From Samuel A. Otis
New York September 3d 1789
Permit me, Sir, encouraged by your indulgence to solicit the appointment of my Son, Harrison G. Otis, to be Attorney for the district of Massachusetts, being a practitioner of Reputation in the Supreme judicial Courts of the State, qualified for the business, and high in the estimation of his fellow Citizens.1 Sensible that he has no dependence for his advancement in life on any thing but his own circumspection, and the exertion of his abilities, improved by education, his habits are so formed that I have the highest confidence, he will justify the good opinion of the public, and any distinctions with which Government may think fit to honor him. And although under thirty, his talents and discretion may justly class him with men of more experience. But I beg leave to refer you to more impartial judges of his Character, than it is possible the affection of a father, to a very dutiful and worthy Son will permit me to be; I in full confidence that this affection, will, with a generous mind, be my excuse for any indelicacy in the mode of application, from one who is with every Sentiment of veneration & Respect Sir, Your obedt hume servt
Sam. A. Otis
Samuel Allyne Otis (1740–1814), a 1759 graduate of Harvard, was a Boston merchant and a brother of James Otis and Mercy Otis Warren. During the Revolution he was a member of the Boston clothing firm of Otis & Henley. See David Henley to GW, 28 May 1789, source note. During the 1770s and 1780s Otis served in the Massachusetts legislature and in 1787 and 1788 in the Confederation Congress. He encountered serious business and financial problems after the war and by 1789 was virtually bankrupt. An outspoken supporter of a strong federal government, Otis hoped for election to the new Congress. When he was not chosen, he secured the post of secretary of the United States Senate. For his later attempt to gain federal employment, see his letter to GW, 10 April 1792.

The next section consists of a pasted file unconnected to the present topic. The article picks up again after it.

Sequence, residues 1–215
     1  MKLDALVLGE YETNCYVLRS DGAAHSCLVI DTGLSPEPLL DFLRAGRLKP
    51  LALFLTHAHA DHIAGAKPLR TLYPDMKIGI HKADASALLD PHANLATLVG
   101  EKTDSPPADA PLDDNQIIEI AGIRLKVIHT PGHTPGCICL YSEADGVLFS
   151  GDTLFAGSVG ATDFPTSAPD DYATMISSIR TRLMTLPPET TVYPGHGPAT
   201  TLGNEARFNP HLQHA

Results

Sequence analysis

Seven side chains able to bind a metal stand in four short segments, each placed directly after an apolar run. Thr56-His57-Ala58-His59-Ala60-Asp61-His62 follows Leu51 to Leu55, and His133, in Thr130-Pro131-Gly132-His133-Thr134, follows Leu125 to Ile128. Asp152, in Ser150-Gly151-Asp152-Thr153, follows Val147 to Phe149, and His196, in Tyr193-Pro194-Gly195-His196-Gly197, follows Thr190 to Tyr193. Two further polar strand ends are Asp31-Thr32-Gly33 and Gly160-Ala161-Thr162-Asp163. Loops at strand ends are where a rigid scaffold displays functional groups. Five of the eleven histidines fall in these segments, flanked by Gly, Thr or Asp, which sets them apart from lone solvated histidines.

1. Harrison Gray Otis (1765–1848) graduated from Harvard in 1783, read law with John Lowell, and was admitted to the Boston bar in 1786. Already engaged in a successful law practice in Boston by 1789, he was destined to become one of Massachusetts’s leading Federalist politicians during the later part of the decade and the first half of the nineteenth century. The younger Otis did not receive an appointment from GW in 1789, but in 1796 the president made him United States attorney for Massachusetts (Executive Journal, description begins Journal of the Executive Proceedings of the Senate of the United States of America: From the commencement of the First, to the termination of the Nineteenth Congress. Vol. 1. Washington, D.C., 1828. description ends 1:212).